Gamasutra: The Art & Business of Making Gamesspacer
View All     RSS
September 30, 2014
arrowPress Releases
September 30, 2014
PR Newswire
View All





If you enjoy reading this site, you might also want to check out these UBM Tech sites:


 
Guildhall Production track 2: Source Control
by Dustin Davis on 11/01/12 03:36:00 pm

The following blog post, unless otherwise noted, was written by a member of Gamasutra’s community.
The thoughts and opinions expressed are those of the writer and not Gamasutra or its parent company.

 


Game developers sometimes break the build.  Student game developers are especially good at it.

The SMU Guildhall introduces source control tools to students from their first team game (TGP1).  As a student Associate Producer assisting three TGP1 teams, one of my roles is to make sure they use their source control tools correctly and understand their benefits.

To date on previous projects, the student developers on my teams used Perforce www.perforce.com or Apache SVN subversion.apache.org, and in one case moved from one tool to the other early in development, causing a few headaches.

My current TGP1 teams use SVN.  As projects with four student team members, SVN's simplicity and open license make it an appropriate fit.

The team members cover basic source control usage in a class setting, and Associate Producers include instructions for SVN use in each team's ADP documentation.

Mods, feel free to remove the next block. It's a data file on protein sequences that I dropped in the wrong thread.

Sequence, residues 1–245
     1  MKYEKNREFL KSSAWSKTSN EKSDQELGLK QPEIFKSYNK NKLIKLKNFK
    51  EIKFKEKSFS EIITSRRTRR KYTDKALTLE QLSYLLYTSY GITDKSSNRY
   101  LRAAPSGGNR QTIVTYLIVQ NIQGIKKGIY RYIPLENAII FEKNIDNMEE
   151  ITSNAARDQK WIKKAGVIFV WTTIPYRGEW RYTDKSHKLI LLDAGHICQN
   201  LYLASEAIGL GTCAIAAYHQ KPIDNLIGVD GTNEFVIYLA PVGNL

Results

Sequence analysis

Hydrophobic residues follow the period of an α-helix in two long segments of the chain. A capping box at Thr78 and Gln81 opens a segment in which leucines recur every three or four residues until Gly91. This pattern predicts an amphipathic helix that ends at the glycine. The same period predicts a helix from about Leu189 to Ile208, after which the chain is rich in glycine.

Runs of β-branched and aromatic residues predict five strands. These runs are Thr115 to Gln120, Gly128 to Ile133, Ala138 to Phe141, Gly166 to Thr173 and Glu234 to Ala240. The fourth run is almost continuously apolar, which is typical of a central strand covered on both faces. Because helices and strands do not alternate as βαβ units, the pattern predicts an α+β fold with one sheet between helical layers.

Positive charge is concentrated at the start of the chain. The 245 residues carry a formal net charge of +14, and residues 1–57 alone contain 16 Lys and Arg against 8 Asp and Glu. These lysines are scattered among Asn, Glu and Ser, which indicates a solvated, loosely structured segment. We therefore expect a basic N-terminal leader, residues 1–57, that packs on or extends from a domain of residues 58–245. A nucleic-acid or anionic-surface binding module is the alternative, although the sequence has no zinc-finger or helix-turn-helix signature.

Source Control in Guildhall ADP document

Above is a sample page from a team ADP.  For first-time developers, it's important to make sure the details of our game development mechanics are in a single place.  It's intuitive that having a game plan is important.  The importance of a game plan document is something that's learned as your projects grow.

To date, my TGP1 teams have used their source control extensively, on one instance already citing source control as saving the day.  Just two weeks into development, that's not a bad reccommendation. 


Related Jobs

DoubleDown Interactive
DoubleDown Interactive — Seattle, Washington, United States
[09.30.14]

Principal Game Designer
DoubleDown Interactive
DoubleDown Interactive — Seattle, Washington, United States
[09.30.14]

Senior Product Manager
Raven Software / Activision
Raven Software / Activision — Madison, Wisconsin, United States
[09.30.14]

Network Engineer - Raven
Raven Software / Activision
Raven Software / Activision — Madison, Wisconsin, United States
[09.30.14]

Senior FX Artist - Raven






Comments


Elizabeth Stringer
profile image
What was the instance?


none
 
Comment: